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Driving for Uber: Insurance Guide

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Thinking about driving for Uber? On the surface, it makes sense — all you need to be a driver for the basic UberX service is a car that’s not ancient (newer than 2001, in most places), a driver’s license and registration, a clean driving record and a background check.

Oh, and you need one more thing: car insurance. And when you’re driving for Uber, insurance can get complicated. Here’s what you need to know.

Uber Insurance for Drivers

Here’s the 15-second guide to driving for Uber: You register as a driver and get an app on your phone. When you turn on the app to signal you’re available, you get pinged when someone in your area requests a ride. The app guides you to pick up the customer and take them to their destination. You get paid through the app — the rate depends on your city and whether it’s a high-demand period — and Uber takes 20 percent.

The appeal of driving for Uber is the flexibility. You can drive on your schedule, as many or as few hours as you’d like. Some drivers only work during high-demand “surge pricing” hours, such as Saturday nights, to maximize their earnings.

But how does car insurance fit into this on-and-off driving schedule? It gets a little tricky. As a driver, you’re covered by the Uber insurance policy when you’re driving passengers around. It’s a hefty policy, with up to $1 million in liability, up to $1 million in uninsured/underinsured motorist injury. This Uber insurance policy is primary insurance, which means it takes effect before your personal insurance does.

Uber also offers contingent collision and comprehensive up to the actual cash value of your car, after a $1,000 deductible, but it only kicks in if your personal collision policy declines to pay.

One more thing to know: Uber insurance policies vary by state. Find out what’s covered in your state.

Personal Insurance For Uber Drivers

uber insuranceSo if you get into an accident during an Uber ride and one of your passengers is injured, or if an uninsured motorist hits you and hurts you or your passengers, you should be covered by Uber insurance. But what about when you’re not driving a customer?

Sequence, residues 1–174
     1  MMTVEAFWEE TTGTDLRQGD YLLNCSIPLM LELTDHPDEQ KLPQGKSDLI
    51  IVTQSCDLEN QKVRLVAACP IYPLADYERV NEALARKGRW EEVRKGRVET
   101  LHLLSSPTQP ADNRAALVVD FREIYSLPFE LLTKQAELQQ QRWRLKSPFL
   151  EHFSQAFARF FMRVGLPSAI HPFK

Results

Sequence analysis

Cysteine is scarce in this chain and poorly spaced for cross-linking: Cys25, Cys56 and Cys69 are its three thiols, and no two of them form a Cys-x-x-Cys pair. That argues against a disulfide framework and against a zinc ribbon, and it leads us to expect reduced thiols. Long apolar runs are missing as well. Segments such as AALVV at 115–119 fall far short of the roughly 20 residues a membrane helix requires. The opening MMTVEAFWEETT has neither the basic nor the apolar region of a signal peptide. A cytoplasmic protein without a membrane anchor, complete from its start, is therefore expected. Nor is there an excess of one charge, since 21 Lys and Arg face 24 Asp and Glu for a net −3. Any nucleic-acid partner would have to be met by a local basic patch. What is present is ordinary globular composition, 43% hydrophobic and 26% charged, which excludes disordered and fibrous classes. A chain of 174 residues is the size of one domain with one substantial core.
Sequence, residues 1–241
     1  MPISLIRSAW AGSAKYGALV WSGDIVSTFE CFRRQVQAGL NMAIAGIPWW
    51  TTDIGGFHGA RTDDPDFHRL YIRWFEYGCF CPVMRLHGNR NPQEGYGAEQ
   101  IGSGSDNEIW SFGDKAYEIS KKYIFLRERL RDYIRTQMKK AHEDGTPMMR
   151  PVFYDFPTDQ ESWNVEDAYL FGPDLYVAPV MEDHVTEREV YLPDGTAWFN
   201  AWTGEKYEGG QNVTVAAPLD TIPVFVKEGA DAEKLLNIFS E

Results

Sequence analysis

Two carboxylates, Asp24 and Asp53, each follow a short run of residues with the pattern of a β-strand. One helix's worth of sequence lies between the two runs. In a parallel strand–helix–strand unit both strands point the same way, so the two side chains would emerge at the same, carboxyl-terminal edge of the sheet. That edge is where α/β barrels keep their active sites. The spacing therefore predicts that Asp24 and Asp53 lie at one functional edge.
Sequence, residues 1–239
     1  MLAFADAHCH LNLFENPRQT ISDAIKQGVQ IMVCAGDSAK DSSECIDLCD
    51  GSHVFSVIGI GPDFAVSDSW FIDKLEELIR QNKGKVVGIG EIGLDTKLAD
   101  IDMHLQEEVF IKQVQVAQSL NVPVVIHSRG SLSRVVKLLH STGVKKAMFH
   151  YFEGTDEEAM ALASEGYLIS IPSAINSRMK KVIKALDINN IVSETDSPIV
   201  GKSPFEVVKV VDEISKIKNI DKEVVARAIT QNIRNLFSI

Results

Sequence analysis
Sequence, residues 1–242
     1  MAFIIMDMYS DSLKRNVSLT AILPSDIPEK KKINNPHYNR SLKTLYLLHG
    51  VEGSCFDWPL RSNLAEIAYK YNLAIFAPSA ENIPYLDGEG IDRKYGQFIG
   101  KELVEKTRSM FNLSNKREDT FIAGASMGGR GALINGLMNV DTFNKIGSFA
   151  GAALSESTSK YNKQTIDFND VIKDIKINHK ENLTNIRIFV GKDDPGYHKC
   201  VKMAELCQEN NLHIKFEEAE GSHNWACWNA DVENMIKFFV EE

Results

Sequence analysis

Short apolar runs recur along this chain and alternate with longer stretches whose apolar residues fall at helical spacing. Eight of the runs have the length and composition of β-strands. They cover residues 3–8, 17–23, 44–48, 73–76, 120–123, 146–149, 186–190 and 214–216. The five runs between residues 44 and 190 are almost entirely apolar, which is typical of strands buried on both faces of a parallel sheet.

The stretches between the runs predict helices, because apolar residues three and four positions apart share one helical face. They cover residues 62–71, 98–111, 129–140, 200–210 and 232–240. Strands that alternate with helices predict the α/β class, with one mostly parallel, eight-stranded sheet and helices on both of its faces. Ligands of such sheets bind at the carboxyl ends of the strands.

There’s a gray area when an Uber driver has turned on the app but has not yet responded to a call. Technically, the driver’s on the clock — but which insurance is covering him or her?

The Uber insurance policy does offer coverage when a driver’s between trips. It includes liability for bodily injury up to $50,000 per individual per accident, up to a total of $100,000 per accident, as well as up to $25,000 for property damage. But — and this is a big “but” — this policy is contingent to a driver’s personal insurance policy, meaning it will only pay if your personal auto insurance won’t pay anything. So between trips and during normal, non-Uber use of your car, you’ll need a robust personal car insurance policy.

Uber Insurance: Which Companies Offer It?

Don’t assume your auto insurance company will be cool with you driving for Uber. If you’re making money by driving, that could require a (more expensive) commercial auto insurance policy. And if you “forget” to tell your insurance company that you’re an Uber driver, your accident claim might get denied.

Here’s a small sampling of companies offering Uber insurance.

  • Metromile offers auto insurance specifically for Uber drivers. Their policies ensure coverage during off-the-clock hours as well as during periods when they’re waiting for passengers. Metromile also adapts its innovative pay-per-mile model for Uber drivers. You pay 5 cents per mile for personal travel or waiting periods (on top of the $40 per month base rate), and pay nothing while you’re driving Uber passengers. The only catch: as of February 2016, Metromile is available only for Uber drivers in California, Illinois and Washington.
  • Mercury Insurance announced it would begin offering insurance for Uber drivers and other rideshare drivers in California, starting in 2016. Like Metromile, Mercury extends your personal insurance coverage to cover the period when the Uber app’s on but a driver hasn’t yet accepted a ride/picked up a passenger.
  • Farmers Insurance offers rideshare insurance in 16 states, as of February 2016.

Other major insurers, like Geico and Progressive, are beginning to roll out Uber-friendly policies. The Rideshare Guy blog has a rundown of Uber insurance options in various states.

Drive safe!

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Based on a survey of 100 California Residents. Average savings determined via a comparison of their selected policy against their self-reported annual premium.